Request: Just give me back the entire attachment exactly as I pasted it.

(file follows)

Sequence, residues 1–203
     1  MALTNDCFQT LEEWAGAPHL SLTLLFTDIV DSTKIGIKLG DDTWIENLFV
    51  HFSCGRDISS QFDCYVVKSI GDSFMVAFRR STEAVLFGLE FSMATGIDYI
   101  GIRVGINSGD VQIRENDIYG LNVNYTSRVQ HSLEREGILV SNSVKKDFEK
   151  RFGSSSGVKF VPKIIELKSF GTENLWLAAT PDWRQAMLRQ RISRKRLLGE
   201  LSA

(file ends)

Sequence, residues 1–203
     1  MALTNDCFQT LEEWAGAPHL SLTLLFTDIV DSTKIGIKLG DDTWIENLFV
    51  HFSCGRDISS QFDCYVVKSI GDSFMVAFRR STEAVLFGLE FSMATGIDYI
   101  GIRVGINSGD VQIRENDIYG LNVNYTSRVQ HSLEREGILV SNSVKKDFEK
   151  RFGSSSGVKF VPKIIELKSF GTENLWLAAT PDWRQAMLRQ RISRKRLLGE
   201  LSA